I’m one of the political people who have been fighting global warming for decades now. I can understand how the early warnings were disregarded – most people don’t want to get less comfortable in exchange for a nebulous future good. But I have been miserable recently to find out that the christians have started to fight any political solution to global warming because “god wouldn’t let us ruin our planet, therefore, no matter whether it’s global warming or not, we can’t possibly be ruining our planet”.

    Jesus says Business As Usual.

    God damn them. Religion really does poison everything

  8. unclefrogy says

    I guess when I was a kid I thought that what ever people heard in church when you went out in “the world” you had to deal with how the world was and other people thought. It does not look like many think that any more.
    the problems listed at the very last are the real world and it looks like the religionists from all over the world want the religious solution for them god, ignorance, war, death and the resulting societies cultural collapse.

    I am struck dumb with amazement at the willful irrationality of belief in all of the woo including the major established religions.
    It is not like we are heading for a cliff but more either a dessert or an impenetrable swamp. no sudden end just a slow and miserable one.
    maybe I should find something else to read in the morning my mind seems to gravitate to the dismal.

    uncle frogy

  9. KG says

    No, I mean the rise of popularity of Islamism and lot’s of ignorant muslims thinking that “freedom” means the right of the majority to persecute the minority. It looks promising on the surface, but dig deeper and you’ll see that it’s not. It’s the revival of a religion that explicitly tells it’s adherents to kill apostates and critics, and that people of other faiths (including minority forms of islam) don’t have rights. – stoferb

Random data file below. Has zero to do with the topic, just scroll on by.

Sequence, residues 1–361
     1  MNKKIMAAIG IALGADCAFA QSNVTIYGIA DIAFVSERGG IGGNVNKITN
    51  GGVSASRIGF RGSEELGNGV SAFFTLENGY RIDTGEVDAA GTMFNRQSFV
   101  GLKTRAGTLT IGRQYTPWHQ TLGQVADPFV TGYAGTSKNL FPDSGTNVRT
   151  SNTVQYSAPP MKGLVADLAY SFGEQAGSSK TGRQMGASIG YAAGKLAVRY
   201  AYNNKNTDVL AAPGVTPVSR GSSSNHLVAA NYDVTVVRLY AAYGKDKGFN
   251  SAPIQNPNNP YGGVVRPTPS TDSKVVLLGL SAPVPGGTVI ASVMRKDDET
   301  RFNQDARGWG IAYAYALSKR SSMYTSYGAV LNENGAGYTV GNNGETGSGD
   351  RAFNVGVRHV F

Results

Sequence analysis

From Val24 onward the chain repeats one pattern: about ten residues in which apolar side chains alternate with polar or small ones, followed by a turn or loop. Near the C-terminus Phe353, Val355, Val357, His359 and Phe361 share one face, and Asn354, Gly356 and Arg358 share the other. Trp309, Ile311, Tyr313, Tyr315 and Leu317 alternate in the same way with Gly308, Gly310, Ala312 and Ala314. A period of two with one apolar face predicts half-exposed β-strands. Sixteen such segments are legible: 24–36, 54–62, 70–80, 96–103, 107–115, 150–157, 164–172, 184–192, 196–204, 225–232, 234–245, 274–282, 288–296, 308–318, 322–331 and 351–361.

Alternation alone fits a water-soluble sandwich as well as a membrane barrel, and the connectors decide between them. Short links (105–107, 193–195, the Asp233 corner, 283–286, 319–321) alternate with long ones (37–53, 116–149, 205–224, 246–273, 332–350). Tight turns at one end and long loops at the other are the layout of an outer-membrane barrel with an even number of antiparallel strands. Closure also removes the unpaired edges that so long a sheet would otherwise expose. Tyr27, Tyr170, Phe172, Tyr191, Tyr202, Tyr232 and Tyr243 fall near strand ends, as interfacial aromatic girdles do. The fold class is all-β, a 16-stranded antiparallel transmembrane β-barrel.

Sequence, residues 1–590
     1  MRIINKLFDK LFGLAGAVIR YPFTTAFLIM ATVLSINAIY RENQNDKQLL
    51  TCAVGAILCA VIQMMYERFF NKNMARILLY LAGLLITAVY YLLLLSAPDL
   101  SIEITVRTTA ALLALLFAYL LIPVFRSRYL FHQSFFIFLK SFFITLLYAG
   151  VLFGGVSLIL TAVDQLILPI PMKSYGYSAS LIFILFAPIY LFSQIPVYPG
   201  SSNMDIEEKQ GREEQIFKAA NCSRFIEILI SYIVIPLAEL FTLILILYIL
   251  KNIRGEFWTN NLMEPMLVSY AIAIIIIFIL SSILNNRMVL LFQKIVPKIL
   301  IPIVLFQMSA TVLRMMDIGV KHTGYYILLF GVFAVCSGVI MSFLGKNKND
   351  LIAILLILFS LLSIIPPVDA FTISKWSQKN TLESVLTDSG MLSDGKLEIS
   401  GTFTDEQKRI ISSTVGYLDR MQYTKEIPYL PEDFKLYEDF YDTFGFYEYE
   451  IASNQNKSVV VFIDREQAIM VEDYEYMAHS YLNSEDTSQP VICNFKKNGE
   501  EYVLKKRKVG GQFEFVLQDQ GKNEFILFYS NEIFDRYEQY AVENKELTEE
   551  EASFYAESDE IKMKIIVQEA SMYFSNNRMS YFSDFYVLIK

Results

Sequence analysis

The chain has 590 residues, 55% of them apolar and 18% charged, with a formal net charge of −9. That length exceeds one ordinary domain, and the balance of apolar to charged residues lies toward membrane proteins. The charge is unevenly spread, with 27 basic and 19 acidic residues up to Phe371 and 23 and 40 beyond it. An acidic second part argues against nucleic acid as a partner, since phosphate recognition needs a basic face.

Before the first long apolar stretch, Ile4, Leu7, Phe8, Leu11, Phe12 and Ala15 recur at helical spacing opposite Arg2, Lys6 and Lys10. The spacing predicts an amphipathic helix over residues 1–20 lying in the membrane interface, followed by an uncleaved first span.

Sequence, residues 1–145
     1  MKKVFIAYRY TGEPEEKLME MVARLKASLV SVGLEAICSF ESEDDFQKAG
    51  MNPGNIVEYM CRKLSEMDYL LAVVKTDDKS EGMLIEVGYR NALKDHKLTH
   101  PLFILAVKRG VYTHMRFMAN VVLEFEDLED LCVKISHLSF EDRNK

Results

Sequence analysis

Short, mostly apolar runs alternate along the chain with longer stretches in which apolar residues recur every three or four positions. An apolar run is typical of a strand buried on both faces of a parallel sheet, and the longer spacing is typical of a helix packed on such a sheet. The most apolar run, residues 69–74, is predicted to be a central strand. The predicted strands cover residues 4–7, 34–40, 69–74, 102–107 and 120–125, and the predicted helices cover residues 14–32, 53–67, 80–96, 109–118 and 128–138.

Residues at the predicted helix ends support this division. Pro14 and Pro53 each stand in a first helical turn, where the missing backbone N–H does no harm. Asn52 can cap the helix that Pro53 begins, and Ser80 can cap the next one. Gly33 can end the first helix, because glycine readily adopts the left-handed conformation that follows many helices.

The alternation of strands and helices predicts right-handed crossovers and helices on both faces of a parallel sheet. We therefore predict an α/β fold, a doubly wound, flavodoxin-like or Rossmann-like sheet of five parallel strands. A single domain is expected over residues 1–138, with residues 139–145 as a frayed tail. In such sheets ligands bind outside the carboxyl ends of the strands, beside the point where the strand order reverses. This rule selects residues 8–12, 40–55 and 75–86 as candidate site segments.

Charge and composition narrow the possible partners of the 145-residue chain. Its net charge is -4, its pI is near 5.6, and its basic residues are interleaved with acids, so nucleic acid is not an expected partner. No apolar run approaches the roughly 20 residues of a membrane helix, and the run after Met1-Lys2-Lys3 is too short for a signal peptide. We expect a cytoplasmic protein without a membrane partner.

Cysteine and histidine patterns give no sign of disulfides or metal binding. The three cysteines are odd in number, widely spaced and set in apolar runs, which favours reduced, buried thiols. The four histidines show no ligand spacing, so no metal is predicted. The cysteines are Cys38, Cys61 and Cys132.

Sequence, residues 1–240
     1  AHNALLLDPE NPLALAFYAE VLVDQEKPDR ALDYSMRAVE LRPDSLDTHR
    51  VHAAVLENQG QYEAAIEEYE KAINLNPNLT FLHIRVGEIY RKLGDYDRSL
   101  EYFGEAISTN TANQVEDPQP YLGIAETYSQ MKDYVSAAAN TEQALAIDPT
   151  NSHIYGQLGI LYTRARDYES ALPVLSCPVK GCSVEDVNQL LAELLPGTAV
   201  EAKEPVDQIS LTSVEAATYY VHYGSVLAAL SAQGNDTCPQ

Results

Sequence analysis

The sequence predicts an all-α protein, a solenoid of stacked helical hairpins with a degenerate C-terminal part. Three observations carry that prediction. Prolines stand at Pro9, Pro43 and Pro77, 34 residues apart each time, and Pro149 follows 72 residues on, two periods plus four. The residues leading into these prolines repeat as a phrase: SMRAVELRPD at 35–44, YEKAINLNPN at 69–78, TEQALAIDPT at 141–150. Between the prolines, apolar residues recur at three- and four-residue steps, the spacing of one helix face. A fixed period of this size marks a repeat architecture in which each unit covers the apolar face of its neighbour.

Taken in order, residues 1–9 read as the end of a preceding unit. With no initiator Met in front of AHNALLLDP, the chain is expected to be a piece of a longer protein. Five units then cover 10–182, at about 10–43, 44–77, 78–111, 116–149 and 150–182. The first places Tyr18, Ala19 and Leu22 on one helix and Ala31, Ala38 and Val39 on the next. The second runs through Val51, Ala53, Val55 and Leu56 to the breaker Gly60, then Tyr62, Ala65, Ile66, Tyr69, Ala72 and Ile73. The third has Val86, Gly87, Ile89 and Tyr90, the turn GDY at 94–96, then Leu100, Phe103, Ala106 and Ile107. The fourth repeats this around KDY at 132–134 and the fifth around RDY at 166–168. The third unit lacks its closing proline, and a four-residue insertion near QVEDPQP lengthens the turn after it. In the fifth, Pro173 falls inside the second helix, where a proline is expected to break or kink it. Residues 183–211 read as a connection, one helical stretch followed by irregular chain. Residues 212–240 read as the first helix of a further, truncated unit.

If you’re going to accuse others of ignorance, I’d advise you to avoid spurious apostrophes (“lot’s”), and ignorant over-generalisations. In both Egypt and Tunisia, the Islamist parties elected are relatively moderate, were long the only organised opposition, and are by no means in full control; in Libya Islamists have been defeated at the polls. Mohammed Morsi, the recently elected Egyptian President, pledged to select a woman and a Coptic Christian as vice-Presidents; we’ll see if he keeps that promise.

  10. stonyground says

    Daz, your conversion toward taking opposition to religion more seriously mirrors my own. Once I started reading atheist blogs on the internet I realised just how much harm religion does, at home and around the world. I quickly joined the National Secular Society and subscribed to the Freethinker. As far as further activism goes, I stick to commenting on the internet and occasionally emailing the local paper, though I did send a Bible bookmarked with examples of hate speech to the Government when religious hate speech laws were being discussed.

  11. says

    PZ, if you could: the term ‘brown people’ was supposed to be struck through for snarkishness effect.

    Thanks for the comments, all.

    Regarding the climate change thing, the really horrible thing is that by the time ‘they’ find out they’re wrong, it’ll be too damn late. They’ll have held back any meaningful countermeasures until nothing we do can make any real difference.

    And no doubt they’ll find a way to blame ‘us’ for that, too.

  12. darwinharmless says

    Great and entertaining piece. I resonate strongly with the feeling that all those people CAN’T be serious. But apparently they are. And yes, that alone is scary enough.

  13. says

    The beautiful thing about religion is that you can think of it as nothing too harmless at all for quite some time. Until they decide they have strong feelings about how you live your life.

    I too thought nothing of religion. I realized most people around me were Christians and believed in God. I didn’t. Never really discussed it much.

    Then for whatever power-grubbing reason, they went ape-shit and decided that gay people were the worst thing that had ever happened to America. They started a hot war that has been running for ten years and Americans have been swayed by basically two arguments:

    1)God made man and woman
    2)Homosexuality is unnatural

    In response to #1, they have never been asked to explain intersex humans. Their base assumption is demonstrably false. Likewise their solutions to this situation can’t address what they don’t acknowledge. Who CAN the intersexed marry? Never gets discussed.

    In response to #2, they have decided what is “natural” is what they read in a book. Not what is observed in nature. Then they jump from arguing that it is unnatural to arguing that it is wrong. (Often, on the Internet I notice…)

    These arguments should not be able to convince one single person. But to the religiously minded, it all makes perfect sense.

    And these people I have been content to coexist with all my life suddenly decide to make my life a living hell. Fuck that noise.

    It’s not harmless. If you think it’s harmless, it’s just not your turn to pay. That’s all.